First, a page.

httptrace, a new Go debugging tool

Today I was investigating why HTTP redirects resulted in more persistent connections staying open than I was expecting. I found myself digging around deep inside net/http/transport.go and I noticed the new net/http/httptrace package. It is new in Go 1.7, which is currently in beta.

net/http/httptrace is lightly documented, and because it is new, there are no examples to look at. So I decided to share what I came up with here.

package main

import (

func main() {
	ctx := httptrace.WithClientTrace(context.Background(), &httptrace.ClientTrace{
		PutIdleConn: func(err error) {
			if err == nil {
				fmt.Println("put idle: no err")
			} else {
				fmt.Println("put idle:", err.Error())
	req, err := http.NewRequest("GET", "", nil)
	if err != nil {
		log.Fatal("new req", err)
	req = req.WithContext(ctx)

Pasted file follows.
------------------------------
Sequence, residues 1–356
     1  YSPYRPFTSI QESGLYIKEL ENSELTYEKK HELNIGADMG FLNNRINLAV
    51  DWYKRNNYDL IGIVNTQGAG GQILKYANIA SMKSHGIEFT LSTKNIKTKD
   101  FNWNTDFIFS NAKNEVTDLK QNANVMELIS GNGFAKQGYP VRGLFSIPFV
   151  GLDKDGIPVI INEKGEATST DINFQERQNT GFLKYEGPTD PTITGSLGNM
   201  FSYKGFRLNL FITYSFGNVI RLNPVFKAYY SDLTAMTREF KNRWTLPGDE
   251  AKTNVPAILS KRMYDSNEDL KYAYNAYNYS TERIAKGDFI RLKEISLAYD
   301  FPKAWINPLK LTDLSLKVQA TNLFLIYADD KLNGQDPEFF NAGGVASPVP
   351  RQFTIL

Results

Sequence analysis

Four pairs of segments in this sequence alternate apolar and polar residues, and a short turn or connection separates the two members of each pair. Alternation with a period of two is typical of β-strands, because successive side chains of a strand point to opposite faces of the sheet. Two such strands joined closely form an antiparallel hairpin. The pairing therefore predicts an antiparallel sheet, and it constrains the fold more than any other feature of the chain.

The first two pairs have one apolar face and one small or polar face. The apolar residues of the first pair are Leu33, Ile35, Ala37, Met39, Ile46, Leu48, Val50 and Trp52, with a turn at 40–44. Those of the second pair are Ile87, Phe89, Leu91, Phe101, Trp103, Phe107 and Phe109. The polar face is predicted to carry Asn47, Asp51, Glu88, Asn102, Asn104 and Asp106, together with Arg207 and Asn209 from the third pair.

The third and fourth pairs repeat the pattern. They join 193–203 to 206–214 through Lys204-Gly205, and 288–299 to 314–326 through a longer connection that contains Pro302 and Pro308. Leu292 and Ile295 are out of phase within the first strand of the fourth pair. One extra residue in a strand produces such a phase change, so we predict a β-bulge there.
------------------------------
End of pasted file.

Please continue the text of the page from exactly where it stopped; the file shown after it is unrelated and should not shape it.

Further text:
_, err = http.DefaultClient.Do(req)
	if err != nil {
		fmt.Fprintf(os.Stderr, "fetch: %v\n", err)

The key things I had to figure out (and hopefully you won’t have to since you found this post) were:

  • How to get a base context to add the tracer to (context.Background())
  • Which callback to use in┬áthe ClientTrace structure (for my purposes, PutIdleConn)
  • How to do an HTTP request with the context attached (NewRequest -> req.WithContext -> http.(*Client).Do)

If you are used to using the simple http.(*Client).Get method to do HTTP you’ll need to learn to use http.NewRequest in order to make a request object, and then pass that to a client. In this simple case, I used the DefaultClient. In a library, you should be using the http.Client passed into you by the caller, so that your library would work in contexts like Google App Engine.